Jun 2, 2017

Uber's Tumultuous Year Continues As Finance Chief Departs

A day after Uber fired the former head of its autonomous vehicle R&D effort the rideshare company said finance chief Gautum Gupta was leaving the company to be COO at a Bay Area startup. The company said the timing of Gupta's departure was unrelated to Uber's $708 million loss in the year's first quarter.

The San Francisco-based firm told the Wall Street Journal on Wednesday that first-quarter revenue rose 18% to $3.4 billion and that its quarterly loss narrowed to $708 million from $991 million in the previous three-month period. A company spokesperson confirmed the figures for Forbes.

Despite the loss, Uber said it's pleased with the continued revenue growth and by a 9 percent rise in gross bookings as global operations expand. It even described business in developed international markets as "contribution positive" for the quarter.

"These results demonstrate that our business remains healthy and resilient as we focus on improving our culture, management and relationship with drivers," a company spokesperson said. "The narrowing of our losses in the first quarter puts us on a good trajectory towards profitability."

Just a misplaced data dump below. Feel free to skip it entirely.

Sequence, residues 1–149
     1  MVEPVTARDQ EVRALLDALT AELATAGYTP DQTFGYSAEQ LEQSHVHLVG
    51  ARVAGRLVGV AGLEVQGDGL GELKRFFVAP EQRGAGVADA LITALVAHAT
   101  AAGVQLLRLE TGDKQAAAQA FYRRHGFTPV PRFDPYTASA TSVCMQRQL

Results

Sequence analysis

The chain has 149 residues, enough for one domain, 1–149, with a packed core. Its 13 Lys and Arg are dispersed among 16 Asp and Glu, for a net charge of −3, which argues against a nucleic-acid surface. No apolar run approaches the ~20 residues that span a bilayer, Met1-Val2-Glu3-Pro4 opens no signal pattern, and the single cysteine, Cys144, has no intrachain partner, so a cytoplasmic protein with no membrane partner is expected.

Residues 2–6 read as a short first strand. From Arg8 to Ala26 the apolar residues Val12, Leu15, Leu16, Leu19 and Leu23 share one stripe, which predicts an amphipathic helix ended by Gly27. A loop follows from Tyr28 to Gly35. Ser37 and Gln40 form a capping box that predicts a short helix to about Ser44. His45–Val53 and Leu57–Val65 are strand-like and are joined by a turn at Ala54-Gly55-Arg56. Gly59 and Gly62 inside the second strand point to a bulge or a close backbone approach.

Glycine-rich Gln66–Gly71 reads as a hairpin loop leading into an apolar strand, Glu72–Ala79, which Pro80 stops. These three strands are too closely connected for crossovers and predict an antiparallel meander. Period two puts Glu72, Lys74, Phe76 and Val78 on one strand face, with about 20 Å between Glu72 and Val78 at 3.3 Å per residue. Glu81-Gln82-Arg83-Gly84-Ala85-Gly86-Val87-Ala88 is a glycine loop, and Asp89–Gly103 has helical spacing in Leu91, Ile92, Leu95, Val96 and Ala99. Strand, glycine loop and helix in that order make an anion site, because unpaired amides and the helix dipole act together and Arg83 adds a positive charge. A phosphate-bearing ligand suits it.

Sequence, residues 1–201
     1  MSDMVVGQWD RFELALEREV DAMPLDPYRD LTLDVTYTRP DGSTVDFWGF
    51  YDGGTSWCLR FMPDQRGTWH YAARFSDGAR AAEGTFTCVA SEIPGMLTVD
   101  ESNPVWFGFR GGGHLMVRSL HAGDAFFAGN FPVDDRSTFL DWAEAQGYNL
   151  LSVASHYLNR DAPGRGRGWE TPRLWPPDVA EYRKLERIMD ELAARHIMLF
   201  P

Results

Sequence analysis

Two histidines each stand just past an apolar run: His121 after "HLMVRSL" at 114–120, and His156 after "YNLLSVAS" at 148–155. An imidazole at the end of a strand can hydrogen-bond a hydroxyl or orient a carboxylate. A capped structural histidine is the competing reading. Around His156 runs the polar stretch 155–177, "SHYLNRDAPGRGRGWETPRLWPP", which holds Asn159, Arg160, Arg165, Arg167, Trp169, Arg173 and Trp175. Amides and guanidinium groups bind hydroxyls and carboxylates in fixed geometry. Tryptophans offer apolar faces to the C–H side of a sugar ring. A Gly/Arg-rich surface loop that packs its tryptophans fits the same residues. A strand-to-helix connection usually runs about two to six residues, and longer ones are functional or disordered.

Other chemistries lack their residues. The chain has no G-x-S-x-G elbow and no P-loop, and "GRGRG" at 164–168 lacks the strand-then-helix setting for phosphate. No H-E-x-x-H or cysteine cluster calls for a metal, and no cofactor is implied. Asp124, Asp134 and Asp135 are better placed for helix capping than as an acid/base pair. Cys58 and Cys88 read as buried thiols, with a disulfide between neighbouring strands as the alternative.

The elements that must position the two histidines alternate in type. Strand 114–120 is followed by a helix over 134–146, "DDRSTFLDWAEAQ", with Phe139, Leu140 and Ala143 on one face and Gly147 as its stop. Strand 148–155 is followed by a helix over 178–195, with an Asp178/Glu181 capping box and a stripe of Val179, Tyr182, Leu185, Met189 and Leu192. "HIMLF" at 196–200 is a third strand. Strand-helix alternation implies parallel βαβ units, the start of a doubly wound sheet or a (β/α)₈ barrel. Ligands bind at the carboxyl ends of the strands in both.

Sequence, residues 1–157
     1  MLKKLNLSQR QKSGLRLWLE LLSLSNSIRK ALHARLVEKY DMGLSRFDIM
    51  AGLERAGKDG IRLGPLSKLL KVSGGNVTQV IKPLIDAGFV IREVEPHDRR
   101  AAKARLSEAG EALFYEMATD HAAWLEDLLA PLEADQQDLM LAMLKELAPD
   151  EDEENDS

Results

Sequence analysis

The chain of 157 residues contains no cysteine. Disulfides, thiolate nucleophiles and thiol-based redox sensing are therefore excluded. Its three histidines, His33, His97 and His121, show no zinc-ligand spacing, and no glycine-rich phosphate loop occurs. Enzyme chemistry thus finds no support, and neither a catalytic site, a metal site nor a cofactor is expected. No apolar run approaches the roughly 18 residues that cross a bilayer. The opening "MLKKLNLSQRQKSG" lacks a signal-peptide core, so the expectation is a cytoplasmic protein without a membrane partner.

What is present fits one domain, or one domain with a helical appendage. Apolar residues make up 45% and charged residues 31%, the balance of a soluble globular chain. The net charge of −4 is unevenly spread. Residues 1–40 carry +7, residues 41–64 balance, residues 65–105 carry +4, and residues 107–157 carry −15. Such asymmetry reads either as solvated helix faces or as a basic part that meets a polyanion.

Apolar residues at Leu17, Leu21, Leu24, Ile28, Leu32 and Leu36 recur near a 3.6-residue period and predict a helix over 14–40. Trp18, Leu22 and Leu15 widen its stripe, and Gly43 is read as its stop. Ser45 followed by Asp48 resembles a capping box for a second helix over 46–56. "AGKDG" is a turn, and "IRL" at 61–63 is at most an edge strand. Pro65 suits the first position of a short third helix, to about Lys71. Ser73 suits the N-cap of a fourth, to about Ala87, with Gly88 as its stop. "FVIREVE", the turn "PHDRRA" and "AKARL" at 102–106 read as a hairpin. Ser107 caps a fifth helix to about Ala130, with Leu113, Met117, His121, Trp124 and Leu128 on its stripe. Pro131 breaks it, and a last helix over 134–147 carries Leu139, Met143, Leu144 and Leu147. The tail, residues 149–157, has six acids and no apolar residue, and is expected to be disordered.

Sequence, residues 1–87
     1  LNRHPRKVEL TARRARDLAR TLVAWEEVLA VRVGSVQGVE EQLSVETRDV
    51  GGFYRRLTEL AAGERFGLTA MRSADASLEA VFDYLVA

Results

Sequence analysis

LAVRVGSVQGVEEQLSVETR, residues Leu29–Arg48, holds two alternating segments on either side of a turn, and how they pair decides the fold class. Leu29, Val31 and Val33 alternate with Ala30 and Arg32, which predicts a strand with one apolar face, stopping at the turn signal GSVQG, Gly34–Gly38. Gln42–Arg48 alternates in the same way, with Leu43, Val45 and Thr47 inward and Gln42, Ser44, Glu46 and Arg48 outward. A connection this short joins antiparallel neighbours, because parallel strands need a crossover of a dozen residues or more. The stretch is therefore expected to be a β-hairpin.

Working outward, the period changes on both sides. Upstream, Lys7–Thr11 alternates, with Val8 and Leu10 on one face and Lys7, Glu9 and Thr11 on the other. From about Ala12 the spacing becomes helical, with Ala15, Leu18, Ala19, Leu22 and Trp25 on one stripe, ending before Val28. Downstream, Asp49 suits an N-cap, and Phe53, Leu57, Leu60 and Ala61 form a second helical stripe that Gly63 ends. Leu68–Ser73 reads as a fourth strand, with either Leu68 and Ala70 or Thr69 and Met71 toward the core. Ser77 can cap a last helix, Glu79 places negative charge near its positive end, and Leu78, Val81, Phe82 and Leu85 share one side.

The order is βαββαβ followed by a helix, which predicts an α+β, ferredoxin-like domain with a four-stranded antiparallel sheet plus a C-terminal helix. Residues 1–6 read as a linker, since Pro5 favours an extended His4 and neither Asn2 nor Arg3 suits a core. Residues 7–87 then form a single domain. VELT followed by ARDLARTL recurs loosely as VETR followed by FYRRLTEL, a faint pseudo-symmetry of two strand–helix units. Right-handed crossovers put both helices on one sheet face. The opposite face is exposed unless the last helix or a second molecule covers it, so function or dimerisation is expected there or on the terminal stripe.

Gupta, who was vice president of finance, leaves Uber after four years of dramatic growth and expansion. His departure was also reported earlier by the Wall Street Journal.

"Gautam is a world-class financial talent," Uber CEO and co-founder Travis Kalanick, said in an emailed statement. "Over the last four years he has been indispensible in helping build Uber from an idea into the business it is today. We couldn't have done it without him, and I will miss his energy, focus and infectious enthusiasm."

Regardless of why he's leaving, it coincides with a tumultuous period for Uber marked by a high-stakes legal fight with Alphabet Inc. over Google self-driving vehicle trade secrets, the resignation of President Jeff Jones and a criminal investigation by the U.S. government into the company's use of a software tool that helped its drivers avoid detection in parts of the country where the service wasn't allowed to operated.

The company is also searching for a COO to strengthen its executive team, which has been under fire for months after claims of a work environment and corporate culture marked by hostility to women. Now it needs a CFO (a title Gupta didn't hold) as the company that's been private since its founding inches toward an initial public offering.

Kalanick has pledged to put the company on a new path, but changing a corporate cultures won't happen quickly.

The search for Gupta's replacement is under way, with a focus on finding someone with experience as a chief financial officer for a public company – "or, even better, experience taking a company public, Uber said.

It's critical that the position be filled quickly, but it's just one of many pressing issues facing the company that's revolutionized the concept of on-demand mobility.


Forbes

by Alan Ohnsman